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The Divorce Encyclopedia
Commingled Assets

Term Definition Commingled Assets - mixing of assets, separate and marital.
Application in Divorce One of the more difficult area of property division happens when separate property becomes commingled as a result of interspousal conveyance. Commingling, which is also called transmutation, can happen as a result of a transfer by contract, gift, or a mere change in legal title.

Very often young couples starting life together pool their money and take a "what’s mine is yours and what’s yours is mine" worldview about finances. For example, young couples frequently put all the cash they receive as wedding gifts into a pot with the idea that down the road they will use it for a house. During the happy times of a marriage neither spouses worries about ownership because "the money is ours."

Commingled property makes for surprises when it is divided in a divorce. A money gift to one spouse deposited in an account in both names become commingled property and may be viewed as a gift to the marriage, i.e., both parties.

When the court must classify property conveyed from one spouse to the other during a marriage, it must answer three questions: 1) Was the transfer a contract? 2) If not a contract, was the transfer a gift? and 3) if the transfer was a gift into a sole title, is the intersperse gift marital or separate property?

In general, courts agree that property can be classified as marital or separate by agreement of the spouses or by operation of "the relevant equitable distribution or community property statute," (with the first taking priority over the second). This may happen when couples enter into what is contractual agreements, particularly what is called a contractual transfer.

Courts view contractual transfers as happening when they are the result of actual negotiations with "substantial discussion"; when one spouse has a history of otherwise keeping separate finances; when the transfer happens "during a period in which the parties are experiencing marital problems." By comparison, courts view that transfers made for proposes of estate planning are not contractual.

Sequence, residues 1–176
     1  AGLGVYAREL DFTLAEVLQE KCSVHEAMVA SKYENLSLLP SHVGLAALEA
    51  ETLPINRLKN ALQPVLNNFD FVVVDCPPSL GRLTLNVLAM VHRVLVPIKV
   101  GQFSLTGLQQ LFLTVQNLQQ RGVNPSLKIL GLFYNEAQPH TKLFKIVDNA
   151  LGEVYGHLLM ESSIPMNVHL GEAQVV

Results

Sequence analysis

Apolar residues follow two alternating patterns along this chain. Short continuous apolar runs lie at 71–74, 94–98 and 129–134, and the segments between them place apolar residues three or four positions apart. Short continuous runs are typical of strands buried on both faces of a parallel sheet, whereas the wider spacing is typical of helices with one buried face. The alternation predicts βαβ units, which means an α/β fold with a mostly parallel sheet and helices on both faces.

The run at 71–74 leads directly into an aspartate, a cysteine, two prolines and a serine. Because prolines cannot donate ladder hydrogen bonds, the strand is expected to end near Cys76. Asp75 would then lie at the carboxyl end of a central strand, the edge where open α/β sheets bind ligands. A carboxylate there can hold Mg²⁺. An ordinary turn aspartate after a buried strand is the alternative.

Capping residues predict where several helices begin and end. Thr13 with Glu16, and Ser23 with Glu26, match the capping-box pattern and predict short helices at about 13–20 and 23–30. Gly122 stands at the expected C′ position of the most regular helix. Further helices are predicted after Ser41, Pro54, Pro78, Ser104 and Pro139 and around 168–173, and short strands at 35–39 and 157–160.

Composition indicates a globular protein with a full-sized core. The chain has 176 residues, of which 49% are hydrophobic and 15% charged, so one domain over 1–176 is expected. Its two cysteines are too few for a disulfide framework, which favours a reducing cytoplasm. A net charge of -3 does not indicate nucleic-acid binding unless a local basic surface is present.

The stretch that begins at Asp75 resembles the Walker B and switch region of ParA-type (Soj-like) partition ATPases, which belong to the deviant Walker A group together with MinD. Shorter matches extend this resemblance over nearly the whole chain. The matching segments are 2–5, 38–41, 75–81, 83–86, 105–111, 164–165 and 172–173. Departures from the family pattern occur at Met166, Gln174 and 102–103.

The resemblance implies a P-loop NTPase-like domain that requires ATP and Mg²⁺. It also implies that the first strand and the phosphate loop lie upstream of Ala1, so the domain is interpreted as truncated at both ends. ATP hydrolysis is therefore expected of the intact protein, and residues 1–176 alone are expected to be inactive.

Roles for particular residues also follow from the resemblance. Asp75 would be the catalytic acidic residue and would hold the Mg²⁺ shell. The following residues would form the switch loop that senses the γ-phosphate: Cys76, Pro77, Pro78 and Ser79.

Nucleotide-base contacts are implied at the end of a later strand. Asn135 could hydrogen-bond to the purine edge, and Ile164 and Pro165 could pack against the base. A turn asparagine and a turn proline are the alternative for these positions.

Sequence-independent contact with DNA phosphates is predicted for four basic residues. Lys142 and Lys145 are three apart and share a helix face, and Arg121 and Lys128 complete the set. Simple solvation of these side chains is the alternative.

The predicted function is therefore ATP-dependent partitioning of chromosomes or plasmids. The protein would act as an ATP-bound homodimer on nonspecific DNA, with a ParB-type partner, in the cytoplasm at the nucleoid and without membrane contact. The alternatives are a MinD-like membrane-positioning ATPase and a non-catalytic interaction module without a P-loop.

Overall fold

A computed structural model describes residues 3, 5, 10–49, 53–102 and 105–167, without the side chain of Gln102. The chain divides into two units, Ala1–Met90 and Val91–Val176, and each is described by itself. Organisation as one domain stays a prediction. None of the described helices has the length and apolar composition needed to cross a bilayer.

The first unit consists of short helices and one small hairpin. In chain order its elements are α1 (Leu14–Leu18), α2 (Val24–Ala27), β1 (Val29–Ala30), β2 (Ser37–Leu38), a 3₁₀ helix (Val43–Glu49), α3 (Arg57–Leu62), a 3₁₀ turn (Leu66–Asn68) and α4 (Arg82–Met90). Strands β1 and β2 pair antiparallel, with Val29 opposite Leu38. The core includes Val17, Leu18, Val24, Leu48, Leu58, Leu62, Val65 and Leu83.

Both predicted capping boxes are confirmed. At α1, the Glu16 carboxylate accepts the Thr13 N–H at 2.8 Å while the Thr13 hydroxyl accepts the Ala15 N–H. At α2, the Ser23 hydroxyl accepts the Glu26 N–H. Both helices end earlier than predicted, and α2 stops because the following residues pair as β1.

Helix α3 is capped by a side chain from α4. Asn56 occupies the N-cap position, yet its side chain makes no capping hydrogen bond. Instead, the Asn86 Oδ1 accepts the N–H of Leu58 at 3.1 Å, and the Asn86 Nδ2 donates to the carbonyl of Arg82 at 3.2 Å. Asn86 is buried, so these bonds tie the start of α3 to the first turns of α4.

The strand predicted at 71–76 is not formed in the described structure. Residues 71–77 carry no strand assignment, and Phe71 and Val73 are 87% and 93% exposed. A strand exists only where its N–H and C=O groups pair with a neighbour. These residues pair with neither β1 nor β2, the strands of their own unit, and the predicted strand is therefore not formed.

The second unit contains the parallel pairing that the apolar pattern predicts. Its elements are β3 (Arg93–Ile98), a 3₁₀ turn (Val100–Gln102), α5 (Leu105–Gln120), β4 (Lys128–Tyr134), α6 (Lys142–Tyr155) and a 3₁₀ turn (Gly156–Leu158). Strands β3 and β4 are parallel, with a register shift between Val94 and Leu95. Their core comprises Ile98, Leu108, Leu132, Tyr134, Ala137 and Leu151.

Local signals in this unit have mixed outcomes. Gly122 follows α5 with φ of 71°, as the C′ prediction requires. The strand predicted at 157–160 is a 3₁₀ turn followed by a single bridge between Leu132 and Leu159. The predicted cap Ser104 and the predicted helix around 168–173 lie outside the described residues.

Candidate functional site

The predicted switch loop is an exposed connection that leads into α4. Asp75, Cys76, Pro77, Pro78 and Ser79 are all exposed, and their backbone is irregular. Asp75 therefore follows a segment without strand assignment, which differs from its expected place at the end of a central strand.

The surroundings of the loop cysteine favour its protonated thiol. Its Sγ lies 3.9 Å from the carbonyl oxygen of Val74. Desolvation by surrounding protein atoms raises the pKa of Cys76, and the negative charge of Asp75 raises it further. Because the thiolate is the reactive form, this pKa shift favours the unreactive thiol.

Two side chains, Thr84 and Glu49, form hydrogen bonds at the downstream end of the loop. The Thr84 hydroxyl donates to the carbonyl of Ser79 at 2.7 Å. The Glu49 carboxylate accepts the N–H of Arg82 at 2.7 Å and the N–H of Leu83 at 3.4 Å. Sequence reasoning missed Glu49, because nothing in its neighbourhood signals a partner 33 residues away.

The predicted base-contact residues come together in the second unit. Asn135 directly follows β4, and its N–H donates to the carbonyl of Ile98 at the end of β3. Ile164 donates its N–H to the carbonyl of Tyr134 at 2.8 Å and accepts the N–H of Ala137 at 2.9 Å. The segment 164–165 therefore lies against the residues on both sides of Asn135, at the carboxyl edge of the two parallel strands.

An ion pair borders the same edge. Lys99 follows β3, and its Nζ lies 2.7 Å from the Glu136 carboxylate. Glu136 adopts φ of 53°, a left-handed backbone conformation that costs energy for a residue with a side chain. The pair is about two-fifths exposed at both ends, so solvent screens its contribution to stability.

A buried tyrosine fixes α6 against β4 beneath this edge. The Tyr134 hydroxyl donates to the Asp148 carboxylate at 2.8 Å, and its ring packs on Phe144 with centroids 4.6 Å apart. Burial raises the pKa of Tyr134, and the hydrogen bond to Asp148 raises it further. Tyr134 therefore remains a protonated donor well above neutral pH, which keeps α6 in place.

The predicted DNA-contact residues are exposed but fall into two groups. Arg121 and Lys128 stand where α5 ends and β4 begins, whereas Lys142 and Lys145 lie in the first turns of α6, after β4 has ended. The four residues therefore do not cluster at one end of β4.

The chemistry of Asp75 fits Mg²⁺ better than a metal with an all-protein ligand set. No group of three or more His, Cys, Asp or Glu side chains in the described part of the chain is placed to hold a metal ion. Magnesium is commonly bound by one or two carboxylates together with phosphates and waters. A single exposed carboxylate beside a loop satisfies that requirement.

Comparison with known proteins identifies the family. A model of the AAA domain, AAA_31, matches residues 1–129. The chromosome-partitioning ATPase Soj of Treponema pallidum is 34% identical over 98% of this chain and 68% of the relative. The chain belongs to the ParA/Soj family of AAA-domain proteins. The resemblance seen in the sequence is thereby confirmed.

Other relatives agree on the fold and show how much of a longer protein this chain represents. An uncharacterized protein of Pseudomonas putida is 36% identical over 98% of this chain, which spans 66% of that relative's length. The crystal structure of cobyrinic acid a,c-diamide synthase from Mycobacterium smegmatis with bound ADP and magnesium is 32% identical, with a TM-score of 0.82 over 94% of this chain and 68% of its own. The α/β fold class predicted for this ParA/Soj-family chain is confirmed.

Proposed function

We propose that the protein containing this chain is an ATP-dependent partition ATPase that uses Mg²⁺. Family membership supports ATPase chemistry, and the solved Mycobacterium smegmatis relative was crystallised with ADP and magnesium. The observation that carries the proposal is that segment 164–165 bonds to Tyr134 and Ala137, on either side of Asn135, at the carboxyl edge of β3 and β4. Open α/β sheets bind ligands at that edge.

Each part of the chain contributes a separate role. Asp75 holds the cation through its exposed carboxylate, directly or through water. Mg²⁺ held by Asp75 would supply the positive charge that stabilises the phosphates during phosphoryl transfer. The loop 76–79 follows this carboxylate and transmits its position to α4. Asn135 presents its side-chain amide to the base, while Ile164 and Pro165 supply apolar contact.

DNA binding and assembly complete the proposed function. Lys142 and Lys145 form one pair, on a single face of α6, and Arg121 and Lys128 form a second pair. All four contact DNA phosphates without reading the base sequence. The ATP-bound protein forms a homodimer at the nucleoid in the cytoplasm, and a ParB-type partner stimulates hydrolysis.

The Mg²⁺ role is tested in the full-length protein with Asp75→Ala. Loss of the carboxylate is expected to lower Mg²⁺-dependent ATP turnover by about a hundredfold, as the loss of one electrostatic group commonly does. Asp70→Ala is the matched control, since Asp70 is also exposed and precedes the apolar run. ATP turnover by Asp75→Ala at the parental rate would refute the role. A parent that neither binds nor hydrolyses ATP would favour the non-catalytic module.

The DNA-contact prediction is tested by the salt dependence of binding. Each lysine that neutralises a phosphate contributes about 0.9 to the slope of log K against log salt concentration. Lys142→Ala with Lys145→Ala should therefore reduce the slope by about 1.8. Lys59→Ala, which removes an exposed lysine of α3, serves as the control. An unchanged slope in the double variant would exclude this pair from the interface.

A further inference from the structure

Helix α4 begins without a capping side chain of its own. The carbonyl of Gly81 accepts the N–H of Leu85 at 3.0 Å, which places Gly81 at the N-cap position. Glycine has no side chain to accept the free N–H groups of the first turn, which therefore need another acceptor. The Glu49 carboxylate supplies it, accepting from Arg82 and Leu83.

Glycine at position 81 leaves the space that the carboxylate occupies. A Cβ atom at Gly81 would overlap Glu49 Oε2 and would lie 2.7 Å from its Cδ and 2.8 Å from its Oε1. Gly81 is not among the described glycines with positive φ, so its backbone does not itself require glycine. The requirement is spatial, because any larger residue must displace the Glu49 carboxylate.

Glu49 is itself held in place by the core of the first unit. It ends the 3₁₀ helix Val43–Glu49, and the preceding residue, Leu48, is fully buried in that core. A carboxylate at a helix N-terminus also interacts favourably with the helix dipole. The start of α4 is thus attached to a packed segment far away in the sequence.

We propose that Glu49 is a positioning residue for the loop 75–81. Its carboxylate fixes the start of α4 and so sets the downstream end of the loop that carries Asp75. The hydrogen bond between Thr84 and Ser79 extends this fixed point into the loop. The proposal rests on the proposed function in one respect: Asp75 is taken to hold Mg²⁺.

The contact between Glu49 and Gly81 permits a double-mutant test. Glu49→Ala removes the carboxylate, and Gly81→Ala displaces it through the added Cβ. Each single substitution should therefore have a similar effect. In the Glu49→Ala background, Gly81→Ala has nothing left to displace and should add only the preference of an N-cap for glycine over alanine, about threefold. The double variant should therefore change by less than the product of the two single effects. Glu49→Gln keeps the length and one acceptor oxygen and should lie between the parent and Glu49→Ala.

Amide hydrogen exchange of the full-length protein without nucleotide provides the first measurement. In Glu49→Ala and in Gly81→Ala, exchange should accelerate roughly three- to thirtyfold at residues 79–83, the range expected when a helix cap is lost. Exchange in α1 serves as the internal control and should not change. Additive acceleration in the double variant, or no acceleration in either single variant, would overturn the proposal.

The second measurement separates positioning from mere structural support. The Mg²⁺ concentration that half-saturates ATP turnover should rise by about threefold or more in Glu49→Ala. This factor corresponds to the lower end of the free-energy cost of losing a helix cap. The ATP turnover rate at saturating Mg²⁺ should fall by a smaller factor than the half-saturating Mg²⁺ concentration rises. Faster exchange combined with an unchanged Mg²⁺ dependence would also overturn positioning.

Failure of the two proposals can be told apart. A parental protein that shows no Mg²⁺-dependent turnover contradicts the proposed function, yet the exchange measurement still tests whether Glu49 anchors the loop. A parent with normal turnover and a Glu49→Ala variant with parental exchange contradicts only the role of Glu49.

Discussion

In common law, a gift requires three elements: intent, delivery and acceptance. Under common law, the burden of proof is on the party who claims donative intent is present, and this applies even when the property is transferred into the name of one spouse alone.

Property conveyed as a gift generally is governed by what is called the joint title presumption, which means that a transfer into joint title places the burden of proof on the party who claims that the transfer is not a gift. When the court finds that a conveyance into joint title is a gift, the conveyed property is 100 percent marital, not 50 percent separate property of each spouse.

Very often, courts must struggle with what one legal observer calls "the meaning of denotive intent." One body of thinking -- which he calls the legal title approach -- defines "donative intent as the intent to convey legal title without consideration." Another body of thought "defines "the intent to convey beneficial interest without consideration." According to the legal title line of thought, "a deliberate transfer into joint title without consideration is a gift even if the donor did not intend to give both spouses actual beneficial interest. According to the second line of thought, " [the intent] that each spouse would have a real beneficial interest in the asset." In this case, the asset is nonmarital.

When the court finds that a conveyance into any form of title is neither a contract nor a gift, the transfer does not affect the classification of the asset.

Sometimes assets are transferred from single to joint names as part of estate planning. The single most-common reason spouse may transfer property to joint names is the desire to avoid probate. If the marital home, for example, is jointly owned by husband and wife as tenants by the entirety, the spouses both have a 100 percent interest. The house thus escapes probate when one spouse dies. Under the legal title approach, a desire to avoid probate does not alter the fact that legal title was conveyed to both spouses; under the beneficial interest approach, however, "the transferer has no intent to give the transferee a beneficial interest at any point short of death."

The more commingled separate and marital property becomes the more difficult it is to decipher and separate appropriately upon divorce. A common analogy used to describe commingled property is that it is much like a scramble egg. As mentioned, the most typical of commingling of assets is using inherited or separate funds to help purchase a marital home.

The term commingling is also used in connection with attorney-client finances. Commingling of funds by an attorney -- that is, his own with those of client -- is considered a breach of fiduciary responsibility and the lawyer is subject to disciplinary action.

See also Interspousal Gifts; Prenuptial and Antenuptial Agreements; Separate Property; Equitable Distribution; Community Property; Kitchen Sink States; Dual Classification States; Transmutation.

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